"100% of my crops were damaged, they are worth nothing. I usually produce different grades so I can stand out abroad as well, but nothing is left," reports Tommaso Lella, owner of a company in Ginosa (Taranto) hit by the storm on 10th July 2019. We are talking about 80 hectares of watermelons (seedless, baby and oblong varieties).
Left, mini-watermelons damaged by the hailstorm. Right, entrepreneur Tommaso Lella.
The Italian peninsula is being increasingly affected by extreme and violent weather events that are damaging the entire agricultural sector. "This is it for me this year, especially after similar problems in the past few months, which have driven management costs up. "
"After careful planning, my varieties enable me to commercialize both early and late watermelons with a production calendar that reaches mid-September. I grow various cultivars - Nikita, Orininja, Riverside, Denise, Belinda, Caravan, Melania, Prestige etc."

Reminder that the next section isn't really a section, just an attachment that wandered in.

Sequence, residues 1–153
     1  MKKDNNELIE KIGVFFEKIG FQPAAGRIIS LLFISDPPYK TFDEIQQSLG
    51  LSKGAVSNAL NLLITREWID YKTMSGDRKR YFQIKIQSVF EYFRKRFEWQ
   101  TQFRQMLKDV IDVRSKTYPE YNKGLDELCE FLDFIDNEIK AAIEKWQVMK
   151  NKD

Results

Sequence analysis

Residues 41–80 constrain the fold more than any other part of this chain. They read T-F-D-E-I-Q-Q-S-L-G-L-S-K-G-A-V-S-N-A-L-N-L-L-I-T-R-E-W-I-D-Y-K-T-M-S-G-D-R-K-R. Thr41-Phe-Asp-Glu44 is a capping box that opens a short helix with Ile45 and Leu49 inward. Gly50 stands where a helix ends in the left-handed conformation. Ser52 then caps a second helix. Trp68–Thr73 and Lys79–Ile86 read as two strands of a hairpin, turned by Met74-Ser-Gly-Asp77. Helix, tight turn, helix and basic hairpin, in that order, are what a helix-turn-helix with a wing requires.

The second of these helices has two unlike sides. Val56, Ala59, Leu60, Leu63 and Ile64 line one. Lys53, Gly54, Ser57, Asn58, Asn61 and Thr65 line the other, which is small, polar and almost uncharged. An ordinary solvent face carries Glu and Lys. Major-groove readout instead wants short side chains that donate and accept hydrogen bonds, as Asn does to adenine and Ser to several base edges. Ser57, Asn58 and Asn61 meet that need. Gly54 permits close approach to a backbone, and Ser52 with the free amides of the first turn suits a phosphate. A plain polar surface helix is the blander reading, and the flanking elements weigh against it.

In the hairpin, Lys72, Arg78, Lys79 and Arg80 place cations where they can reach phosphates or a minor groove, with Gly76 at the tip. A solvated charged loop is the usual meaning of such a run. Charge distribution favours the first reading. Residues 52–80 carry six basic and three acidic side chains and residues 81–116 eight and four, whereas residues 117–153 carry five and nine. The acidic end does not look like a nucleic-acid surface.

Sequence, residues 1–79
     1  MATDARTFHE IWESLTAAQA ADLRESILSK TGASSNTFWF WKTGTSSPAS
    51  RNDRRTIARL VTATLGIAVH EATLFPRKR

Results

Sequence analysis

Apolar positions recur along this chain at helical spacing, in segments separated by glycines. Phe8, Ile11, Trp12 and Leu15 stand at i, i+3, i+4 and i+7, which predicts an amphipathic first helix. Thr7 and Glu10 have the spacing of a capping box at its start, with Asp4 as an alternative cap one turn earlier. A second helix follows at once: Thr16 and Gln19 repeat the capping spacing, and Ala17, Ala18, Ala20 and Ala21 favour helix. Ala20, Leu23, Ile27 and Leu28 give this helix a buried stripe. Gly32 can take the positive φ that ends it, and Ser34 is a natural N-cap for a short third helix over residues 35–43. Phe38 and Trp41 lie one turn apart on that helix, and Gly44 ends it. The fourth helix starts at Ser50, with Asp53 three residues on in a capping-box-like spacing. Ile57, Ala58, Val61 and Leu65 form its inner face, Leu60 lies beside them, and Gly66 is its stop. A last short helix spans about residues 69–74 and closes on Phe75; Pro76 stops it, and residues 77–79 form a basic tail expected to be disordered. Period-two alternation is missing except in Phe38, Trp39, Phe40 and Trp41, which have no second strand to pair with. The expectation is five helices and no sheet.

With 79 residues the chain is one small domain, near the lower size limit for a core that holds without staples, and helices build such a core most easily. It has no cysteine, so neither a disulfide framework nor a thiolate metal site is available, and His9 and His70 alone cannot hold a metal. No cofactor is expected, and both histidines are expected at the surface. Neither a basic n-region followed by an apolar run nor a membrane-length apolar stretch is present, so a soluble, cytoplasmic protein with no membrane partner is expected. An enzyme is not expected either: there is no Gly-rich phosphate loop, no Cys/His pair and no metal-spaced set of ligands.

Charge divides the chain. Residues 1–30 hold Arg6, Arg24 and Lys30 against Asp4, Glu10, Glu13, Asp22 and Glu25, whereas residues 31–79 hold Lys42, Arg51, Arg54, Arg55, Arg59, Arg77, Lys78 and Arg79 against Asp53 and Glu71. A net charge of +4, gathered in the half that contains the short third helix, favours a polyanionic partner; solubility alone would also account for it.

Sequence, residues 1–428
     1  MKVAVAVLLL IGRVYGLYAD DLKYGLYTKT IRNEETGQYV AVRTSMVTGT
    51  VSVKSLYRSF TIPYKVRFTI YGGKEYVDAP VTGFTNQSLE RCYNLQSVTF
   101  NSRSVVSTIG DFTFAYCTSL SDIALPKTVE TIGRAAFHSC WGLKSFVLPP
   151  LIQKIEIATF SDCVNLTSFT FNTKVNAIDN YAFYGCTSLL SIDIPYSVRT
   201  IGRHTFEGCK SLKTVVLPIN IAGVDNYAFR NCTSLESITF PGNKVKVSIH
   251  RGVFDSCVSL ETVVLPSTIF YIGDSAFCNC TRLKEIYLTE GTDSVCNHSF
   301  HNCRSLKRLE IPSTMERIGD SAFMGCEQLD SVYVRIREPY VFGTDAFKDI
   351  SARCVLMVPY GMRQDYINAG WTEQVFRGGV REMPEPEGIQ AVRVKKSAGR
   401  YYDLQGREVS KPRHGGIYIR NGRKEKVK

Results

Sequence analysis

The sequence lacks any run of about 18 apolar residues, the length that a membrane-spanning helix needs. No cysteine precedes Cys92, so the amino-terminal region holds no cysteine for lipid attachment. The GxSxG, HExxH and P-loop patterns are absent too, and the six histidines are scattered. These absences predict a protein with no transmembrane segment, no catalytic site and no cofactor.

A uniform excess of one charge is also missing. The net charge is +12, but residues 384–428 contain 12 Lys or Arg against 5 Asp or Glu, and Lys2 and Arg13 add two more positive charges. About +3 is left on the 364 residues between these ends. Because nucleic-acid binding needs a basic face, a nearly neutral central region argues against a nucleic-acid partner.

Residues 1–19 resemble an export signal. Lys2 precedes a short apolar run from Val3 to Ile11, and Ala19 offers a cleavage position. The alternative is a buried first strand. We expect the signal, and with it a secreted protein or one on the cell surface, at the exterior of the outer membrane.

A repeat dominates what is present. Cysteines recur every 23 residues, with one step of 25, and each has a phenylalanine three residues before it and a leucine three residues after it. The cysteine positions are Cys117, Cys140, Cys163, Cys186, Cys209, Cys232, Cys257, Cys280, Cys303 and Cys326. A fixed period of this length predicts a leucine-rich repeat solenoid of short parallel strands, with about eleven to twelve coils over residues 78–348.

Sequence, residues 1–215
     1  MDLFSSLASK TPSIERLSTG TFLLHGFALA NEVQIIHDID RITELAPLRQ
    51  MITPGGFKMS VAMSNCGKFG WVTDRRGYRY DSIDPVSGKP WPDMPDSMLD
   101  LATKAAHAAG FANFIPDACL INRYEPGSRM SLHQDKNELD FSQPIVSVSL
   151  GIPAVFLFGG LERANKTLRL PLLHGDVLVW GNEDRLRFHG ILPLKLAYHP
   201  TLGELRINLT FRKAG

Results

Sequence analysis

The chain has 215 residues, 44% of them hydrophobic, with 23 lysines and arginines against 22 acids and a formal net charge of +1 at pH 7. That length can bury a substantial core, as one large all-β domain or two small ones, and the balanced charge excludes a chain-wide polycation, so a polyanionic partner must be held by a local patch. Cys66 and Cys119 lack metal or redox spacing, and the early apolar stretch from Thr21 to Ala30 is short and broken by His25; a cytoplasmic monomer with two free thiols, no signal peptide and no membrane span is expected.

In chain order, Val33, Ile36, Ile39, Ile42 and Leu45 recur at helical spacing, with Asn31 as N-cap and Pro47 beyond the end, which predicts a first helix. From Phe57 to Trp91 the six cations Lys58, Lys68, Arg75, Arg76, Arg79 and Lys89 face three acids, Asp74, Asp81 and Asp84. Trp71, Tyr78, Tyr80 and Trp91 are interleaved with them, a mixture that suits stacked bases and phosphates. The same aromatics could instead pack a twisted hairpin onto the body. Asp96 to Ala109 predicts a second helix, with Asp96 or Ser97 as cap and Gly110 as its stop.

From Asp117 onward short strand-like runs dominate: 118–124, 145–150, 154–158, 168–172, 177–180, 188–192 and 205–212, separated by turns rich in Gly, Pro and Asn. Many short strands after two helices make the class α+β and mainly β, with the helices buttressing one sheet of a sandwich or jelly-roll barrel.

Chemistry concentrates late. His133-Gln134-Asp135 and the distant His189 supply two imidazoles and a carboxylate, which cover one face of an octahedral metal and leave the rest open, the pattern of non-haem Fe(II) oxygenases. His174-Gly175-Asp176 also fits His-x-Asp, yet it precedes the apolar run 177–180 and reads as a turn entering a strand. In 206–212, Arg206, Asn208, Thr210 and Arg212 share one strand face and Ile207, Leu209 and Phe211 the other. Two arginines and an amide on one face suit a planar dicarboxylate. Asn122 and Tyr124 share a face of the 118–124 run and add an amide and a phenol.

"Fruits look like they were hit by a hammer. Of course there is produce that is still good, but it is depreciated once it reaches pallets and many markets do not even collect it."
"The thick vegetation protected the fruit in places, but there are still micro-lesions. While hailstones were not that big after all, it was the strength of the wind that scared us. It was similar to a tornado and damaged various structures."
"Consumption has dropped over the past few days and the foreign markets are not sending orders in. In order to make our produce appealing, it needs to be valid and look good as well, but it is useless now that the hail damaged everything."